SELF-DRIVING CARS

Google self-driving car has gained a huge amount of interest

Google self-driving car has gained a huge amount of interest

I’m amazed by the number of people who ask my opinion about self-driving cars. Even friends and neighbours who have little or no interest in cars or driving often bring up the subject of autonomous cars. With the question, “When are they coming?” being asked pretty early in the conversation.

Self-driving cars seem to be the dream of those who regard cars purely as a way of getting from point A to point B. Not surprisingly, they are hated with a passion by keen drivers who love nothing more than getting the best from their beloved cars, preferably on a favourite stretch of winding road at a quiet time.

Interestingly, two totally different groups are keenest on buying an autonomous car:

The first doesn’t come as a surprise: tech-savvy youngsters who are approaching driving age and simply love having the latest and greatest in electronics around them. Some even say they would sacrifice some of their spending on other tech items just to get into a self-driving car.

The second group may initially come as a surprise – baby boomers. That’s because they will one day lose their mobility when their licences are cancelled after they fail a driving test. As I’m only about 15 to 20 years away from this horrendous happening I’m keeping a close eye on what is going on in the self-driving world.

Google_self-driving_car_rear

Fully autonomous cars, those without a steering wheel and pedals, are still many years away. Experts predictions range widely, generally from about 10 years to 30 years.

However, many people are surprised to learn that partially autonomous cars are already on our roads. I know, I’ve driven them.

You may well have been in horrible traffic with me the other day when a car and a truck managed to come together and blocked most of the M1 motorway south of Brisbane during peak hours. Bet you didn’t know I was letting the BMW do most of the boring work! The big Bimmer was keeping pace with the car in front and sitting squarely within the lane lines. It wasn’t as scary as you might think, though I did keep my brake foot on standby and didn’t let my hands get too far from the steering wheel.

A couple of years back I drove a Mercedes-Benz CL 500 from the Gold Coast to the Sunshine coast, and let it do the work for about 40 per cent of the trip. It used it intelligent cruise control to keep the correct distance from the car in front and steered itself within the white lines. It did give me a visual nudge every ten to twenty seconds to tell me to keep my hands on the steering wheel. All I had to do was touch the wheel briefly to give the car the impression I was steering again and off we went for another driverless spell.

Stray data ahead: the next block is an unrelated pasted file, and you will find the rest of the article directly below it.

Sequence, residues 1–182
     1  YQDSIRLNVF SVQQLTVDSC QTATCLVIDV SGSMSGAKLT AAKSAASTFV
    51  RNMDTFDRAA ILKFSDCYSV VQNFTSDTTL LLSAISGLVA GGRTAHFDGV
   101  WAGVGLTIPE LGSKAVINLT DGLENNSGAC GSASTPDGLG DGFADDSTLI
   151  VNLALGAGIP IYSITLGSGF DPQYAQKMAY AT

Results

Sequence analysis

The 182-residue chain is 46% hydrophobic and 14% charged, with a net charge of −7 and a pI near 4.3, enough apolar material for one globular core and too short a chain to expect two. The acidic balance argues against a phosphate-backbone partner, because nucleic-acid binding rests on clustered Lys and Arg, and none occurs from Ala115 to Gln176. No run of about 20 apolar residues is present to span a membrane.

BMW 7 Series can drive itself in some situations

BMW 7 Series can drive itself in some situations

After two hours I got a warning from the Merc that I might be suffering from fatigue and should perhaps stop for a while. It really is amazing the amount of help cars are providing us these days. Particularly in active safety, that is avoiding a crash.

Car companies are very aware of the legal ramifications of this sort of driving. I’m sure many of you will have ticked the ‘Agree’ box on your car’s infotainment systems to say you will take responsibility for safety – yet had no intention of doing so. Thinking that it’s okay to send and receive texts.

Fully autonomous vehicles will need incredibly complex systems. Indeed, it has been said that your self-driving family car will have more sensors to keep track of what’s happening around it than a giant Airbus A380.

Surprised? So was I, till it was explained that the Airbus is travelling in highly regulated routes, will never be closer than 1000 metres to another aircraft, is being watched over by two highly qualified pilots, monitored by radar controllers on the ground, all while it’s keeping an electronic eye on other aircraft in its vicinity.

Still on aircraft comparisons; did you realise that on the road you’re often travelling closer to other vehicles than the RAAF Roulettes aerobatic team pilots during their amazing shows? With due respect to your driving skills, may I suggest that the RAAF pilots have had far more training than you? And certainly aren’t checking emails and texts while up there…

Driverless vehicles are a very complex subject, one that I will cover from time to time, with emphasis on individual topics within it. Would love to hear your opinions as well. Be it on driving convenience, road safety or anything else that crosses your mind about autonomous cars.

As usual you can reach me on ewan@marquenews.com.au

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